Address and directions
Public transport: Zossener Brücke Bus 248, M41 / Hallesches Tor Underground U1, U3, U6, Bus 248, M41
#Administration building #Berlin #1929
Along with the Columbus House, which no longer exists, the Metalworkers' House is one of Erich Mendelsohn's largest projects in Berlin. Since the 1910s, more high-rise buildings were to be built in Berlin.
The German Metalworkers' Association (DMV) moved its headquarters from Stuttgart to Berlin in 1928. Mendelssohn had already gained experience, as he was drawing up plans for a trade union building in Zwickau. His experience was mainly in the construction of department stores.
The house is located on Lindenallee, which at the time the house was built was developed into a new main traffic axis to relieve the Friedrichstrasse. Mendelsohn planned urbanistically at this location, because where the houses of Lindenallee 113-116 stand today, a second building of the union was to be erected, in which the printing works were to be accommodated. A bridge over the Lindenallee was to connect the two buildings. Finally only the house on the right side of Lindenallee at the corner of Alte Jakobstraße was built.
The main building was built on a triangular site and finished in 1930. The top at the corner of Lindenallee and Alte Jakobstraße is concave, creating a small forecourt. In accordance with hierarchical principles, the offices of the board of directors were accommodated here. The highest room of the building at the main front is the meeting room, which is accentuated with a glass bay window and a flagpole. This is symbolically the command centre, almost like the place for a captain on a ship. Offices and printing houses followed on the sides. Like the shops, the printing works were located on the ground floor.
The reinforced concrete structure was built in 1929. During the construction work Mendelsohn changed the plans for the main front of the house, where the height of the Gemise was increased by 65 cm. The cladding of the building consists of shell limestone slabs that were mounted. With this he indicated that they have no load-bearing properties. Besides the shell limestone, the sliding windows have bronze frames, which gives the building a luxurious appearance. The ground floor is completely glazed. Through the entrance you enter a bright vestibule, which today houses a small exhibition about the history of the house and the architect. Mendelsohn often attached great importance to the staircases in his buildings. The staircase is located at the end of the vestibule and thus in the inner courtyard of the building. It is only from the outside that its design significance, which is almost constructivist, becomes clear. The staircase leads to the long corridors that connect the offices with the stairwell. A transverse low building in the inner courtyard was originally the print shop.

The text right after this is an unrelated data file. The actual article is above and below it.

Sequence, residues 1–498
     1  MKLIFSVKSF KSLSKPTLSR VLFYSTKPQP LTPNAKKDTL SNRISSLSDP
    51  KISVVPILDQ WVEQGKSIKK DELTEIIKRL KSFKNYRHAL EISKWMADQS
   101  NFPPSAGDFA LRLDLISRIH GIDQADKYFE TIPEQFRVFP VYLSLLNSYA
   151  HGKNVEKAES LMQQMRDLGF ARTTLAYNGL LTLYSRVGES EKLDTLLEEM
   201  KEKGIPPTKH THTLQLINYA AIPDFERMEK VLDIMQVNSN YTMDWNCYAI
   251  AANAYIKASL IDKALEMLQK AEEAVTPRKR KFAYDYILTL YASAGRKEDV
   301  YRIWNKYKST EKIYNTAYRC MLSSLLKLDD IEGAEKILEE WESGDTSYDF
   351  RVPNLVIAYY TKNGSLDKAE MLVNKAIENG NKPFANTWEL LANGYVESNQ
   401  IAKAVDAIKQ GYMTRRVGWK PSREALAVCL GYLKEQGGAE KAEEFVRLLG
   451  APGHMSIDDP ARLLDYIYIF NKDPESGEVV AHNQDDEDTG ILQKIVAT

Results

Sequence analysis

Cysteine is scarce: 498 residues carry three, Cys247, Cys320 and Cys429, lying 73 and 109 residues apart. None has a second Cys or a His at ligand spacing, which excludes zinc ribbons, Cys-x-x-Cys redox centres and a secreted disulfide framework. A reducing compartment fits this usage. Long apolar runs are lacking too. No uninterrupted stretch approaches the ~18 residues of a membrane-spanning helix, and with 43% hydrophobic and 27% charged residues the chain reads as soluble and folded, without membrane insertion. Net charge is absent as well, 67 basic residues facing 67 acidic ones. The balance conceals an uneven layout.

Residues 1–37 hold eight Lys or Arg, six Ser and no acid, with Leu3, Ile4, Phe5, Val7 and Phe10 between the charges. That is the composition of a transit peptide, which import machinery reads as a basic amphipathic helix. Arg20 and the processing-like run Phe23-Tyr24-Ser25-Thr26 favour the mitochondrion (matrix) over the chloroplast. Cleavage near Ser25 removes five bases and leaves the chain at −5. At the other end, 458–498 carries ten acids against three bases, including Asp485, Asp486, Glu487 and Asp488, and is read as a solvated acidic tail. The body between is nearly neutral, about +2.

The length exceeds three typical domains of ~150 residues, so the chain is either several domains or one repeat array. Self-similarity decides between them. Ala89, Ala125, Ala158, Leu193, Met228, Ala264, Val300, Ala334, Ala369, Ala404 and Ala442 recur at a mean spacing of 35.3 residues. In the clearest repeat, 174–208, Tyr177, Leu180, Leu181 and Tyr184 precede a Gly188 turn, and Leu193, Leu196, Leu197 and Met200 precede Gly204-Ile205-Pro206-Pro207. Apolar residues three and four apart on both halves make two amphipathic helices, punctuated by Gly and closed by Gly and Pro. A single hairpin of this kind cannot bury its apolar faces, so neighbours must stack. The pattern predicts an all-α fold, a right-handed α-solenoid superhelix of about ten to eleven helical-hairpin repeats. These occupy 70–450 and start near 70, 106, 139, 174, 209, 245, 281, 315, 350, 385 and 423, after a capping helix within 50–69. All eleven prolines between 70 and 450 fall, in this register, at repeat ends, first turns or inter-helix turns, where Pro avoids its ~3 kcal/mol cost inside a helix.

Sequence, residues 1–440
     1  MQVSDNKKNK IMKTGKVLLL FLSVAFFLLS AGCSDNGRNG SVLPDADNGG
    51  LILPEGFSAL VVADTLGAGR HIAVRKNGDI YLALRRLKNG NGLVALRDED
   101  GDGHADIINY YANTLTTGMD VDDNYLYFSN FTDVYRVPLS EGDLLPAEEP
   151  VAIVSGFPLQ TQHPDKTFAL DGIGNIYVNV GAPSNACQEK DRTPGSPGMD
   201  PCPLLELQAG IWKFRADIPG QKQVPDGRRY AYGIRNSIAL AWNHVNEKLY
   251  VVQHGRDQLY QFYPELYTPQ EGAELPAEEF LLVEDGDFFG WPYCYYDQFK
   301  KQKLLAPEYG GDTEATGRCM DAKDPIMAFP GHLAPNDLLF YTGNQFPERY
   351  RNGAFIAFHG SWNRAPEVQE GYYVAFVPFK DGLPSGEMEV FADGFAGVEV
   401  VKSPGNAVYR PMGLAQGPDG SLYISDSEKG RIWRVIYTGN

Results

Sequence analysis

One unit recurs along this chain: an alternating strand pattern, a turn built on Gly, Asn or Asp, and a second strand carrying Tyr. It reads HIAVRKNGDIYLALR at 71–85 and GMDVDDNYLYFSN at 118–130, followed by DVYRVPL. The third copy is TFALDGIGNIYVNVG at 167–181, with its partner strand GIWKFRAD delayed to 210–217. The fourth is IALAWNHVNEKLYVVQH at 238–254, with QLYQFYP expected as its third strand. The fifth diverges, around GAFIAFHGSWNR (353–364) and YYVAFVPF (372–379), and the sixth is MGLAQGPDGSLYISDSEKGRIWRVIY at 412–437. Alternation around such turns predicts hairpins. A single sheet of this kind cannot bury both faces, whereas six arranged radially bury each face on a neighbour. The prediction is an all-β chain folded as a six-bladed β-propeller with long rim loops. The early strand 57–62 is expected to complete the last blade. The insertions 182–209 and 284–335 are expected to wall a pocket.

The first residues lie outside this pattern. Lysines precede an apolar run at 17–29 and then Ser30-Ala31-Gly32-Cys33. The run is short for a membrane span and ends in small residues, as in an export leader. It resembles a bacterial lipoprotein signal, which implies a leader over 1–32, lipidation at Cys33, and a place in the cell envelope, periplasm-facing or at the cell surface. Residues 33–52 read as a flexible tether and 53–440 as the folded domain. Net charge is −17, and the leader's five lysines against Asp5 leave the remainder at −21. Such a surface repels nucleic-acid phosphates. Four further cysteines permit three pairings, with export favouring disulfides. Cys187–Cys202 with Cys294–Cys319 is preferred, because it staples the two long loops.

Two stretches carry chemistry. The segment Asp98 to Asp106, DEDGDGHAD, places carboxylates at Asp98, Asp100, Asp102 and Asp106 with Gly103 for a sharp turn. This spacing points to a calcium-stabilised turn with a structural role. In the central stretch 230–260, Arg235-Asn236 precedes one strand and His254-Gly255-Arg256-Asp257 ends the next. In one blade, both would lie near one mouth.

The inner courtyard without shell limestone slabs and the continuous bands of windows, arranged horizontally on all staircases and the adjacent lift shafts, arranged vertically on the corridors, plus the white-painted façade, make the inner courtyard appear more modern than the exterior façades of the building. In the inner courtyard, the building thus appears less hierarchical than the outer building.
Mendelsohn designed the new furniture for the conference room. For the administrative rooms, furniture from Stuttgart was used.
The Nazis used the building after 1933, and it was not until 1952, after war damage was repaired, that the building was returned to the IG Metall trade union. It was not until 1995 that the building underwent extensive renovation. Today the building is also the seat of the Berlin Chamber of Architects.